“Everybody says, ‘Why don’t you just?’... There is no ‘Why don’t you just.’ Every problem is complicated, and you cannot solve a complicated problem in an environment of fear and anger,” says Rep. Tom Suozzi, a Democrat from New York, to applause and a soft fluttering of sunshiny pom-poms. 

Riley Robinson/The Christian Science Monitor
Members of Congress's bipartisan Problem Solvers Caucus speak on a panel on November 3, 2019, in Manchester, New Hampshire. No Labels, an organization working to promote bipartisan governance, hosted its Problem Solver Convention where voters asked questions in a town hall forum.

Whatever happens with the “wars” of impeachment and next year’s presidential election, several on the panel suggested that lawmakers like them will be needed to make peace and get on with the work of governing.

Appealing to young voters 

“Being in an environment like this was really cool for me, to see how many people are committed to bipartisanship and getting things done,” says Elias Kaul, standing with fellow students from the Brown University chapter of No Labels. Next to him, Brown student Isabelle Sharon adds that it’s a lot of work to persuade some liberal students to get past the barrier of “seeing the other side as anti-human, anti-gay, just sort of intrinsically evil in some ways.”  

That portrait of political hostility is a stereotype of young people, says Harvard student and Centrist Society co-founder Alexis Mealey. Many students want “to be able to talk about our values, the policies we believe in, what’s best for all of us as a nation,” she says, instead of being constrained by party loyalty.

Ms. Mealey, who stood out in her fuchsia dress amid a sea of dark winter garb, stopped identifying as Republican after the 2016 election, and now the philosophy major is hoping to help brand centrist positions in a way that appeals to young voters. 

The fact that the event did not draw any front-runner presidential candidates prompts some skepticism about whether a viable middle-ground movement is really getting underway. In addition to Representative Gabbard, Democrats John Delaney and Marianne Williamson spoke, as did former Massachusetts Gov. Bill Weld, a Republican challenger to President Donald Trump. 

“Is there some naiveté about their belief that in the short run they can make a big difference? Perhaps,” says David Stebenne, a history and law professor at Ohio State University. “Is it still a useful thing to do? Probably. ... It’s almost like we need classrooms to teach citizens who’ve grown up in a more polarized age how not to think in excessively partisan ways.” 

Riley Robinson/The Christian Science Monitor
From left, Elias Kaul, Joel Kesselbrenner, and Isabelle Sharon, of the Brown University chapter of No Labels, attend the Problem Solver Convention November 3, 2019 in Manchester, New Hampshire.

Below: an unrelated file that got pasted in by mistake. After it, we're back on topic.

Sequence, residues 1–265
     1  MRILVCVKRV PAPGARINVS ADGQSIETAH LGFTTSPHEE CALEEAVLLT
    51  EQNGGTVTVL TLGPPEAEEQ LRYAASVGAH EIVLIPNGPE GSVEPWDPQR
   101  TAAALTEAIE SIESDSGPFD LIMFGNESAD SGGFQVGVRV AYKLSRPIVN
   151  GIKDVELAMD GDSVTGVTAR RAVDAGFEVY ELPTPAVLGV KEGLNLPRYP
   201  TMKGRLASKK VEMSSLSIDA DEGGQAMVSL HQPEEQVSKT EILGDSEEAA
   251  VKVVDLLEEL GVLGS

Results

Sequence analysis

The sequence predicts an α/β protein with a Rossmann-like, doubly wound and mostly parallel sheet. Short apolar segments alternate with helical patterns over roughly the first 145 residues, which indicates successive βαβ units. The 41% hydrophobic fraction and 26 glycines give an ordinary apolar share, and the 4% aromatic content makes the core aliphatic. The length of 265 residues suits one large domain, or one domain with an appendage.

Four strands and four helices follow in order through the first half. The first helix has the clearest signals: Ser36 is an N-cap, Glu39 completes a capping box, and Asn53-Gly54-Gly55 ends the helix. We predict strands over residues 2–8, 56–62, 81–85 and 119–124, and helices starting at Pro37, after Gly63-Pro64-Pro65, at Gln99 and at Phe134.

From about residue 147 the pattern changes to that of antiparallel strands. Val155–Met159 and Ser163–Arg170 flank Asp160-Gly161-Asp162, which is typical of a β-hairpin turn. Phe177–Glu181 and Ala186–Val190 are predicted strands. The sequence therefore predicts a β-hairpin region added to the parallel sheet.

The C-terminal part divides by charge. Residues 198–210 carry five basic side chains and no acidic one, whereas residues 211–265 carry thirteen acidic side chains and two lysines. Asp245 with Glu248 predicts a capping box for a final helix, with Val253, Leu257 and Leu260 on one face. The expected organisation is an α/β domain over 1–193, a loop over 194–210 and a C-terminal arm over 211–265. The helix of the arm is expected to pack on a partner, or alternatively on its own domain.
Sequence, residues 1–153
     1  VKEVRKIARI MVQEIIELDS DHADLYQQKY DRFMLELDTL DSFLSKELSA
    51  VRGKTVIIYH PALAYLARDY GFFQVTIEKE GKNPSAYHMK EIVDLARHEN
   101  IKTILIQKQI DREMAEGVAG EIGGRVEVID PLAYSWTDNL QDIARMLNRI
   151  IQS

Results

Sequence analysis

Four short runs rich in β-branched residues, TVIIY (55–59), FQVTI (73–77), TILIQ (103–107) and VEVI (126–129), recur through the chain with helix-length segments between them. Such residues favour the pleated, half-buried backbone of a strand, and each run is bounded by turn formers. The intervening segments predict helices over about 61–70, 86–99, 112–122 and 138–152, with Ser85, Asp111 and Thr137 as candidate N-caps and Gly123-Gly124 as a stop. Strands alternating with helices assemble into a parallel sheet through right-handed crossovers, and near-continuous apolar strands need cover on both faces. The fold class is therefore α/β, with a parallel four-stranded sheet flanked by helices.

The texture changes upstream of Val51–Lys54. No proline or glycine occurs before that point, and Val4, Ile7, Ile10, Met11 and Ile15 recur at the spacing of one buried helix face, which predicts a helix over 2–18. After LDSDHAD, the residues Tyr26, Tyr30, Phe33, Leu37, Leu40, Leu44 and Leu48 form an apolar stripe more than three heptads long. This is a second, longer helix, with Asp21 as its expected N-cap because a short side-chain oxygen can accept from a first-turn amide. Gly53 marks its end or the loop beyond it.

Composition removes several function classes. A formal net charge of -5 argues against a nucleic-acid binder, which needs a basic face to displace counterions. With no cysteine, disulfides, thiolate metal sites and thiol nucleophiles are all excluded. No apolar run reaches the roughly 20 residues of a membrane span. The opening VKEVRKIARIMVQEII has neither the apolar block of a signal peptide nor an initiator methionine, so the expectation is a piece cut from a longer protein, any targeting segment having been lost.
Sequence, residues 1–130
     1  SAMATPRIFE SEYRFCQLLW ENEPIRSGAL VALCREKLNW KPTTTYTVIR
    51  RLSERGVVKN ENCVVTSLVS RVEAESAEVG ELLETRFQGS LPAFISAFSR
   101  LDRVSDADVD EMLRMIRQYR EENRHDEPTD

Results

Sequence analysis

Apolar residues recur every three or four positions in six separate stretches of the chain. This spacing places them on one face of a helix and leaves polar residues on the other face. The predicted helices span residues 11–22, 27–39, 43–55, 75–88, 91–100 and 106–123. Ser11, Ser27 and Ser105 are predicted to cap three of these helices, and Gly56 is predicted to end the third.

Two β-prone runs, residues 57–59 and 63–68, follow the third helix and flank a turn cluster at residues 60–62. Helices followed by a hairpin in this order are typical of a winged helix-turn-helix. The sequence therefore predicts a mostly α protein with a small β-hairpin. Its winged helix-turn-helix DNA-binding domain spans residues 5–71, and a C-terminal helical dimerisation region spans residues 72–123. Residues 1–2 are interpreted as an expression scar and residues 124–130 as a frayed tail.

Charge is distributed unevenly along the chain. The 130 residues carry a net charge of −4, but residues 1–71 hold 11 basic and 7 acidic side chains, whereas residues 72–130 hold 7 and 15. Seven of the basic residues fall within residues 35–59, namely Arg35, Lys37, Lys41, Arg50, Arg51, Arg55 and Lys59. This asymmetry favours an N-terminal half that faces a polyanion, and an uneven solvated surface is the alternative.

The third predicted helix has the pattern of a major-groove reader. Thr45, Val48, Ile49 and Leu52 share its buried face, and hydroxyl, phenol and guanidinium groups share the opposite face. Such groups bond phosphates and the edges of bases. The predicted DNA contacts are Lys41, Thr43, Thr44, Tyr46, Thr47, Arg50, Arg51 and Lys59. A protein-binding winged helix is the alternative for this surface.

Culture shift

Another challenge: One person’s problem solver can be another person’s problem.

Before the 2016 election, Mr. Trump appeared at No Labels’ first Problem Solver Convention. To supporters, he’s always been a Washington outsider challenging the traditional party-dominated ways. To detractors, his style and decisions seem to tear the country apart rather than forge any useful solutions. 

“There are different ways to solve problems – one is collaborative, consensus, put your chairs in a circle,” Professor Stebenne says, while another approach is that “politics should be a shouting match at the 50-yard line.”

After rising to their feet to sing choruses of “This Land is Your Land” with folk singer Peter Yarrow, convention-goers left with a voters’ issue guide, yellow T-shirts, and lapel pins to remind them of a call to action: Pressure their congresspeople to “get in the room.”

The room, in this case, is a monthly off-the-record series of meetings taking place in Washington where senators and representatives from both parties gather for constructive dialogue. 

Bipartisan problem solving is “an abstract idea to organize around,” Mr. Clancy, of No Labels, says. “Get in the room” is “a single provable thing that you can ask [them] to do,” he adds. If more lawmakers attend, they may find that “there’s more here we could work on if we bothered trying.”

Politics has become like religion for many Americans, and people in the middle need a place, says Renée, a former military chaplain who asked that her last name not be used because of the sensitivity of her work in places like Afghanistan. But like the Hagens, she’s still looking for something deeper.

“My larger concern is about truth and transparency,” she says. Without that, it’s hard to “deal with the issues and come to common ground. We need this baseline, which is a shift in culture, and culture is not easy to shift.”